ETIQUETTE SERVED

  by Jane Parikh


 


Business dining etiquette was on the menu at a dinner for Kalamazoo College seniors last fall.


 


With copies of a 77-year-old etiquette book on a nearby table, Meredith Parfet, director of Global Research Operations for MPI Research in nearby Mattawan, instructed about 100 “K” seniors on the intricacies of eating with the boss, business colleagues, or prospective employers.


 


She said the positioning of the knives, forks, and spoons at each place setting provides a visual guide to the order in which each eating utensil is used.
“It’s outside in and top to bottom,” Parfet said.


 


Her instruction on the proper use of tableware was one of several “Ah-hah!” moments for many of the students at the dinner. Another came when Parfet talked about proper napkin etiquette.


 


“Place the napkin on your lap when you’re seated, place it on your chair when leaving the table, and place the napkin to the left of your plate when you’re done,” she said.


 


Parfet’s presentation was part of the College’s twice-yearly, two-day Professional Development Institute (PDI) offered to “K” students in order to prepare them for life after graduation. Sponsored by the College’s Center for Career and Professional Development, the Fall Quarter PDI included workshops and seminars on topics such as networking and job hunting.


 


As a top level executive with MPI, Parfet has attended many business dinners both in the United States and abroad. She said sometimes the best thing to do is what everyone else is doing.


 


“Manners are a form of politeness. They show that you’re prepared, put together, and composed,” Parfet said. “Manners are also a way of setting things up so you avoid insulting people.


 


“The rule I always learned in a cross-cultural exchange is to show humility.”
Kathleen Kruse, a senior majoring in biology, said Parfet’s advice put her mind at ease, particularly when she discussed the art of conversation.


 


“Stick to discussing current events and don’t discuss politics, religion, or sex,” Parfet said. “Try to find some middle ground. People like to talk about themselves and things related to them.”


 


Tyrice Fitzpatrick said he wished he’d had this information when he was in Costa Rica for his Study Abroad program. Fitzpatrick, a senior majoring in English with an economics minor, said his knowledge of manners was based on what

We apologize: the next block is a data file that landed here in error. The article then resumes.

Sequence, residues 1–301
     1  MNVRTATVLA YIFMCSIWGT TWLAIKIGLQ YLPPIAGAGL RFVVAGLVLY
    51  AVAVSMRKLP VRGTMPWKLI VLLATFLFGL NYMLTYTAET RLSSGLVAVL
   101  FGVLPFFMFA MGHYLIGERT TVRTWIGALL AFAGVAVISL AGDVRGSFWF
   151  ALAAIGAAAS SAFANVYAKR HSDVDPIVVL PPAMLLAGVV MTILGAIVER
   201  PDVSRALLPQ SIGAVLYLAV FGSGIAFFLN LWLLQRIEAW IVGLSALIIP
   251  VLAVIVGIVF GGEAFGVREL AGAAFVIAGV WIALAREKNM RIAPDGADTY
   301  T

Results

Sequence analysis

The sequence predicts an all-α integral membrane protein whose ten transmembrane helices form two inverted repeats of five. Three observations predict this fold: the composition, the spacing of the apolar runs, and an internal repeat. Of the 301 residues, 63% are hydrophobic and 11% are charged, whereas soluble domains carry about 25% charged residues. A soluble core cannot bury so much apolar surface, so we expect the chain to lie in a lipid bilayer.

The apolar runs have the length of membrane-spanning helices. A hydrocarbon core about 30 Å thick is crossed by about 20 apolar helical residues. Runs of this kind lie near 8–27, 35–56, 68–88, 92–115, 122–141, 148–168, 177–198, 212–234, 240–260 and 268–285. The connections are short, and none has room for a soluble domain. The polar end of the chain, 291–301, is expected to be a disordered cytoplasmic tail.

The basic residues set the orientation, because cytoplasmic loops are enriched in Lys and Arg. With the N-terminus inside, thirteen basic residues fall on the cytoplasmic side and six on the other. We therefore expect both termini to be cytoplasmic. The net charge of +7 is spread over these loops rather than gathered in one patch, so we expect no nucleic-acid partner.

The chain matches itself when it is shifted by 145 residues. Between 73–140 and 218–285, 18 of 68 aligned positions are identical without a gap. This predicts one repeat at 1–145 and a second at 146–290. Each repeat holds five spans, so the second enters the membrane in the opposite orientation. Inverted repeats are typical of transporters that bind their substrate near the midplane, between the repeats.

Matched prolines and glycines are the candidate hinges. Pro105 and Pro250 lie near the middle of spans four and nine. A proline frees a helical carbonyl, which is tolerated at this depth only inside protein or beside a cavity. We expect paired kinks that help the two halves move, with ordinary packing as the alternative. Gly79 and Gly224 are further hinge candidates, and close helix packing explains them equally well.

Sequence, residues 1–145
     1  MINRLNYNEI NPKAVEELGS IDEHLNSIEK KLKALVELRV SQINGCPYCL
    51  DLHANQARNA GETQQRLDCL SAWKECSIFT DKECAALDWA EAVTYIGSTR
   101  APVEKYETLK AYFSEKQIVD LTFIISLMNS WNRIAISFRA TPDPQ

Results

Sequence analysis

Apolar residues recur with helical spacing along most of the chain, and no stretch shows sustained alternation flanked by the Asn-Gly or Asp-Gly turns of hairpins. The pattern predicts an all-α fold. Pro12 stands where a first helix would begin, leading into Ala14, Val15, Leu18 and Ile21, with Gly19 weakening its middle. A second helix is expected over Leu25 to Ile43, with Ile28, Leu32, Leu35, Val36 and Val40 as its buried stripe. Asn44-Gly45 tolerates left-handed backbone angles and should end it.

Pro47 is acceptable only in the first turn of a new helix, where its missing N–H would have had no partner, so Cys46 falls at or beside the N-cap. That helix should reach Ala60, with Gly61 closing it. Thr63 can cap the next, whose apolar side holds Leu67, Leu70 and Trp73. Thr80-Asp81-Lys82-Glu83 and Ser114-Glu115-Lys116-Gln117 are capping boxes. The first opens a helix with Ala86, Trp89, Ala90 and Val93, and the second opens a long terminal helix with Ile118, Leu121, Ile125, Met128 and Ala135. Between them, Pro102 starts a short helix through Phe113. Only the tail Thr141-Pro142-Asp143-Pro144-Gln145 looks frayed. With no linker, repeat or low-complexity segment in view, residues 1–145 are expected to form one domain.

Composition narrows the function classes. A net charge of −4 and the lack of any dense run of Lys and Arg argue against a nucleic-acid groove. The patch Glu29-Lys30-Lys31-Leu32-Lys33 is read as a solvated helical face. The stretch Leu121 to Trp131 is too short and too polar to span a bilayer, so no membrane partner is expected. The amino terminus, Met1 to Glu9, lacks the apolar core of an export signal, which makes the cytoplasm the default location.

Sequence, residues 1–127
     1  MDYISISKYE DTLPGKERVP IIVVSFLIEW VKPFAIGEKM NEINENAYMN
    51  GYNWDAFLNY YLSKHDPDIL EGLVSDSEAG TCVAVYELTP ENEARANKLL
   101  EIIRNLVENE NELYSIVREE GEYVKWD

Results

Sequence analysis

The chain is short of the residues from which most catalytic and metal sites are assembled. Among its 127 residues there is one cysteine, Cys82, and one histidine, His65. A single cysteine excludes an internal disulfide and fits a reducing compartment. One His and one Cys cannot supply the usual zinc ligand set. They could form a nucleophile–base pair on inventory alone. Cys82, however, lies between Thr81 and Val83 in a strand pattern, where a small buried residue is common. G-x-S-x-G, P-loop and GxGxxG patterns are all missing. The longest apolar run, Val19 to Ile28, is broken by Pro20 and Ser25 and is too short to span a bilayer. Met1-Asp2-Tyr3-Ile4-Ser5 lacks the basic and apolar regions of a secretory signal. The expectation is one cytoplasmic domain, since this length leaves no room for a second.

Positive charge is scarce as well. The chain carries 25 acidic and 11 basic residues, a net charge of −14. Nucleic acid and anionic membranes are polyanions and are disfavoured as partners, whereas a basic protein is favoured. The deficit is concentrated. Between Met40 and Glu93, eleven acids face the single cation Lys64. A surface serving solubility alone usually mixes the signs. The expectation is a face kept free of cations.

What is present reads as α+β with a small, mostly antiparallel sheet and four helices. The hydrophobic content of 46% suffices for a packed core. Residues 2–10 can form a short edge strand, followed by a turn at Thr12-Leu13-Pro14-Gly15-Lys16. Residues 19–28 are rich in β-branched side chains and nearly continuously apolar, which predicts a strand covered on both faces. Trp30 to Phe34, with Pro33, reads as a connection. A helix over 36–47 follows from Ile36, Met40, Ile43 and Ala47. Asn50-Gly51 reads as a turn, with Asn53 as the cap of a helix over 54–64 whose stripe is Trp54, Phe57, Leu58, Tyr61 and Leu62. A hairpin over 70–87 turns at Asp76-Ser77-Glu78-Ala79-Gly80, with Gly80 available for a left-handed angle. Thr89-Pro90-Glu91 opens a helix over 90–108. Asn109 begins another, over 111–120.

"We want you to sit at a business dinner and feel confident. We want you to dazzle them."
he learned while working at a banquet hall during high school.


 


“When I was in Costa Rica I was surrounded by the most upper class people there, and I was uncomfortable because I didn’t know what kind of conversation to have,” he said.


 


Offering students the opportunity to learn about an important but often overlooked part of getting along in the business world was the idea behind the Etiquette Dinner, said Kalamazoo College Provost Michael “Mickey” McDonald.


 


“The more knowledge you have, the more relaxed you’ll feel,” McDonald said.
Here’s some additional advice from Parfet that likely won’t be heard during commencement activities. Graduates who break bread with the boss or clients should dress conservatively, double-check their breath, turn off the cell phone, take a deep breath, and smile.


 


“We want you to sit at a business dinner and feel confident,” Parfet said. “We want you to dazzle them.” 


 


Photo
Kalamazoo Seniors learn the merits of business dining etiquette.  “Manners…show that you’re prepared, put together, and composed,” said Kalamazoo-area businesswoman Meredith Parfet, the keynote speaker at the PDI event.


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1 RESPONSE TO ETIQUETTE SERVED
Margaret Nichols 1970 on February 1, 2011 at 3:32 pm
When approaching a banquet table, it can be difficult to know which is your water, your bread plate. The reminder I learned is BMW. Bread (on the left), Meat (main dish area), and Water (on the right).
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